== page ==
To sum up the Fresh Steams conference in just a few words is almost impossible. In fact to be honest how in such testing times the organisers managed to stage such an event is little short of a miracle.
That’s because between 2pm on Monday and 1pm on Wednesday, either in a conference hall or online they managed to engage with literally hundreds of delegates through seven main sessions of worship, prayer and teaching alongside producing sixteen online seminars.
Above you can see some pictures taken from the final session of the conference, a two hour session which included some really powerful one minute testimonies and an inspiring talk by Mark Elder Minister of Tarporley Chapel. Mark focussed on the demands and the pressures of leadership and how when you are running round like a headless chicken trying to do all those jobs nobody else wants God is always there for you.
From Roy Searle’s opening seminar on Monday lunchtime right the way through until the same time on Wednesday one message kept repeating itself. And that was that we are living in times of great change, times when although what we used to do is still relevant the way we (the church) do it is maybe not compatible with 2022.
Shelley managed to travel to the Hayes Centre in Derbyshire on the Tuesday, and we have invited her to tell us just a little bit about what she experienced…
“Fresh Streams conference took the theme of ‘Back to the Future part 2’ and followed on from last years online conference, much of which you can still watch on the Fresh Streams website. This year it was good to connect with others online and in person and to hear stories of the last 18 months from churches around the country.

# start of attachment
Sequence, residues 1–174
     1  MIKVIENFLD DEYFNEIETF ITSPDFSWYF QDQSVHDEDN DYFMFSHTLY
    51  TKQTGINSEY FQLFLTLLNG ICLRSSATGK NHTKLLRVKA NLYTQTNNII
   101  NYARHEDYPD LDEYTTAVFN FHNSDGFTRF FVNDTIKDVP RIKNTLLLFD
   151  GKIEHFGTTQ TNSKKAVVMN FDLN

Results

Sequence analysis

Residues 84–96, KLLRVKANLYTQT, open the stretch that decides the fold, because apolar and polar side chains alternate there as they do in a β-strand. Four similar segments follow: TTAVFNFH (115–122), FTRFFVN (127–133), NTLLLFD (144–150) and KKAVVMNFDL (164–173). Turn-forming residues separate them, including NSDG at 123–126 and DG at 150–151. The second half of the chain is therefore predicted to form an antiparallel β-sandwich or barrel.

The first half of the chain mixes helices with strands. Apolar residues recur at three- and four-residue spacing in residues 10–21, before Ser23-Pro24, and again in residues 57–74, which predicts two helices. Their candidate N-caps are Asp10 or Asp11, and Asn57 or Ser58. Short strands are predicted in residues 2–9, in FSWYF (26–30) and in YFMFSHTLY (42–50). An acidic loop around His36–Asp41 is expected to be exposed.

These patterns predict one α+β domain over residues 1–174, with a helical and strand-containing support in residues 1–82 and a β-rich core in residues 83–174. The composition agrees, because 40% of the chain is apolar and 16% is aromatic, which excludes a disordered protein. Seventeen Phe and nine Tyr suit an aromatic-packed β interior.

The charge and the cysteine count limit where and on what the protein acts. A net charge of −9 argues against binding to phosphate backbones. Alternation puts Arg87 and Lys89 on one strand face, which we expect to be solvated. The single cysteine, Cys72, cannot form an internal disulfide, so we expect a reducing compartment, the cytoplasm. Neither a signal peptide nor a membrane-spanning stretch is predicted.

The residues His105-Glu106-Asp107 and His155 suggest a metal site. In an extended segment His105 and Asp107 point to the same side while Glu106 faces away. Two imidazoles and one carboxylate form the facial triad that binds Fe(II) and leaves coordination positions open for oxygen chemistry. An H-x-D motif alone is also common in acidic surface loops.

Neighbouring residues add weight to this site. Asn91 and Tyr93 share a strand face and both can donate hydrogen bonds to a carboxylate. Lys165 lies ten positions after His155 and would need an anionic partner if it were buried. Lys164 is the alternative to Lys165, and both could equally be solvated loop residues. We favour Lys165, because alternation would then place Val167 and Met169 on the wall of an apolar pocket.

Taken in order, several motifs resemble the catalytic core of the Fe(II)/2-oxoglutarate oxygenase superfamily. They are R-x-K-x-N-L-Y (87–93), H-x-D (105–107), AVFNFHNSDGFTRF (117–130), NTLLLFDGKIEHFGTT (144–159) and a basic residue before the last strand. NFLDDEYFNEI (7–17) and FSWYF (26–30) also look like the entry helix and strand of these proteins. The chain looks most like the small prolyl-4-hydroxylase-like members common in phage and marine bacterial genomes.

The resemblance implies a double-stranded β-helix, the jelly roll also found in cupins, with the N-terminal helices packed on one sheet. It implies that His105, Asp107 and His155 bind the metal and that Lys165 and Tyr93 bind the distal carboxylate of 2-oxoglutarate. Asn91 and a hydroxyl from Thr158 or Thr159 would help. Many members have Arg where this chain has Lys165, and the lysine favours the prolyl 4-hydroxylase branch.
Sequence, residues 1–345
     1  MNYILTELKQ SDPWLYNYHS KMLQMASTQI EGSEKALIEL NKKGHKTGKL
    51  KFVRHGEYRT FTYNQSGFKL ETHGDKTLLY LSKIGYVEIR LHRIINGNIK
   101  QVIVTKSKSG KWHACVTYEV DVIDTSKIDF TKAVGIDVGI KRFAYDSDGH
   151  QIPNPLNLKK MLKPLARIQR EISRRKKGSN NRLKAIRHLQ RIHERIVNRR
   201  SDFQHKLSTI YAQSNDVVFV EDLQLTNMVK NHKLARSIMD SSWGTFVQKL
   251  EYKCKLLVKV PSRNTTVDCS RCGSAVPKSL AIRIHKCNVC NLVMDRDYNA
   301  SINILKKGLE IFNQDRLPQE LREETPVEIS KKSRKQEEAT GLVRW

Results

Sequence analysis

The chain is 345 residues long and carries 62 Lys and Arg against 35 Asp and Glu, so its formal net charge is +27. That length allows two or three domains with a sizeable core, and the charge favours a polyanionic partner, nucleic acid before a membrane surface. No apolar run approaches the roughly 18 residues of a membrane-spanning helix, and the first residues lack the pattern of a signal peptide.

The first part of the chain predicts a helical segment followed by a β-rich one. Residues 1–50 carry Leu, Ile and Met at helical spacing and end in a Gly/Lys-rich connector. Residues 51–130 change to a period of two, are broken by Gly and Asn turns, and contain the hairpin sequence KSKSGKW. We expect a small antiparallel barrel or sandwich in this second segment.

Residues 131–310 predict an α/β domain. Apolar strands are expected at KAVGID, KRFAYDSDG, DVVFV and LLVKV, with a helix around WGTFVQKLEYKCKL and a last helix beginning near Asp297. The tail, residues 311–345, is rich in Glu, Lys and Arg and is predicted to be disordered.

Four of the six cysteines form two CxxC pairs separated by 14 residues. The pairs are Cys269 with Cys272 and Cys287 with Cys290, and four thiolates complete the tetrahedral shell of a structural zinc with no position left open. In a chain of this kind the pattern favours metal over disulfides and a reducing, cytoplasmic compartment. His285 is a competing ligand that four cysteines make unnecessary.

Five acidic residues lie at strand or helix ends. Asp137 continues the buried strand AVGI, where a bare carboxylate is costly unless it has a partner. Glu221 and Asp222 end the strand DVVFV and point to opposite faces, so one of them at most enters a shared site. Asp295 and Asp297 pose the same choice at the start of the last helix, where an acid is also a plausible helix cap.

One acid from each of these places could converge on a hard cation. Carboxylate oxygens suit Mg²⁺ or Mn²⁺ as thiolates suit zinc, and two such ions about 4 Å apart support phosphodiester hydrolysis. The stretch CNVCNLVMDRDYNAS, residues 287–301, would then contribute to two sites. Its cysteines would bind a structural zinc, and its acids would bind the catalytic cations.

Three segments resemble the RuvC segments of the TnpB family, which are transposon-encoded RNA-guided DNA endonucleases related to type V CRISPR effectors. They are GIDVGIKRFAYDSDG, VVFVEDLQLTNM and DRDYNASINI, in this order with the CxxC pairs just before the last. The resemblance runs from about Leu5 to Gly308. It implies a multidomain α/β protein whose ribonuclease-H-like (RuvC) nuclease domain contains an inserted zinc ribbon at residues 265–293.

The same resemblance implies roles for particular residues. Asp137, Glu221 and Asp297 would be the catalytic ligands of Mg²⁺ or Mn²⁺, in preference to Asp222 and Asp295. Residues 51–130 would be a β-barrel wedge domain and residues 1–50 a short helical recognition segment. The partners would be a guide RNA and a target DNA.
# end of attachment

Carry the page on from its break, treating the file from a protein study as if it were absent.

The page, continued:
We shared about God’s faithfulness but also prayed for our churches and their leaders and sought to find God’s perspective through hearing His word, creative worship, seminars and conversation.
There was also space just to be, and a sense among many leaders that life had been so busy in responding and trying to fix things in a rapidly changing environment that the ‘doing for God’ had overtaken the ‘being with God’.
As Roy Searle said at the start of the conference, ‘there is meaning in the waiting’. Despite the personal and corporate challenges people had faced over the last year (many talked about losing loved ones and diminishing numbers of volunteers) there was also a sense that God was doing a new thing amongst His people and there were stories of people coming to faith through encounters with God, a greater awareness of God speaking through prophecy and the real blessings of intentional relationships.”